Academic journal article Military Review

THE OSS AND HO CHI MINH: Unexpected Allies in the War against Japan

Academic journal article Military Review

THE OSS AND HO CHI MINH: Unexpected Allies in the War against Japan

Article excerpt

THE OSS AND HO CHI MINH: Unexpected Allies in the War Against Japan, Dixee Bartholomew-Feis, University of Kansas Press, Lawrence, 2006, 425 pages, $34.95.

Dixee R. Bartholomew-Feis takes the reader into the heart of World War II special operations with her thorough examination of the working relationship between the Office of Strategic Services (OSS) and Ho Chi Minh. The story she paints is anything but simple. Brigadier General William Donovan's OSS worked under the basic assumption that the only thing necessary for a working relationship with nonstate actors such as the Viet Minh was agreement on the common enemy. Donovan's people could never be accused of worrying too much about the world that would follow the defeat of the Axis powers.

To stop the flow of supplies to Chiang Kai-shek's forces in China, Japanese forces worked an agreement with Vichy France that permitted Japan de facto control over the area, but permitted French forces to administer the colony. Officially, the Japanese recognized the colony as a French possession. In reality, Japanese documents referred to the areas as their new acquisition. The relationship between France and Japan was tenuous throughout with the latter finally moving to seize full control of the area in 1945, shattering badly outnumbered French forces in the process.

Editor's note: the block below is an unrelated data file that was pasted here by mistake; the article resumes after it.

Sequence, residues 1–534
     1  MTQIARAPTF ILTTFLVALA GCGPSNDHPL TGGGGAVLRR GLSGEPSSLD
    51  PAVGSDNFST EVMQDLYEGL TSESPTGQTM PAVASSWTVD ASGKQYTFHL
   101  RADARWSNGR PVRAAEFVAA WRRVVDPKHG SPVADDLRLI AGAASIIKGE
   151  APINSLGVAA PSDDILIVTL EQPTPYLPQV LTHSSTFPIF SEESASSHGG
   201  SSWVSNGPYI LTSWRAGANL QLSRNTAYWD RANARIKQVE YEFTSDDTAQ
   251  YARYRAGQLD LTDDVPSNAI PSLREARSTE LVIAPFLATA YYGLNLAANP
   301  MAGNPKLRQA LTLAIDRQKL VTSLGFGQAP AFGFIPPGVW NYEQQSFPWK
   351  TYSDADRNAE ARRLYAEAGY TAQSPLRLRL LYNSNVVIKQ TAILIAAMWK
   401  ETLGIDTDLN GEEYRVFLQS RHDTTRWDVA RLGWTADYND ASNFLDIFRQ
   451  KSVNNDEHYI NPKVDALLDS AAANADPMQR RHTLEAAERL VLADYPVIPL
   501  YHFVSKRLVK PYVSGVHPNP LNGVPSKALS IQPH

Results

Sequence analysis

Ho Chi Minh quickly shifted his focus to helping the Americans rid Vietnam of the Japanese. …

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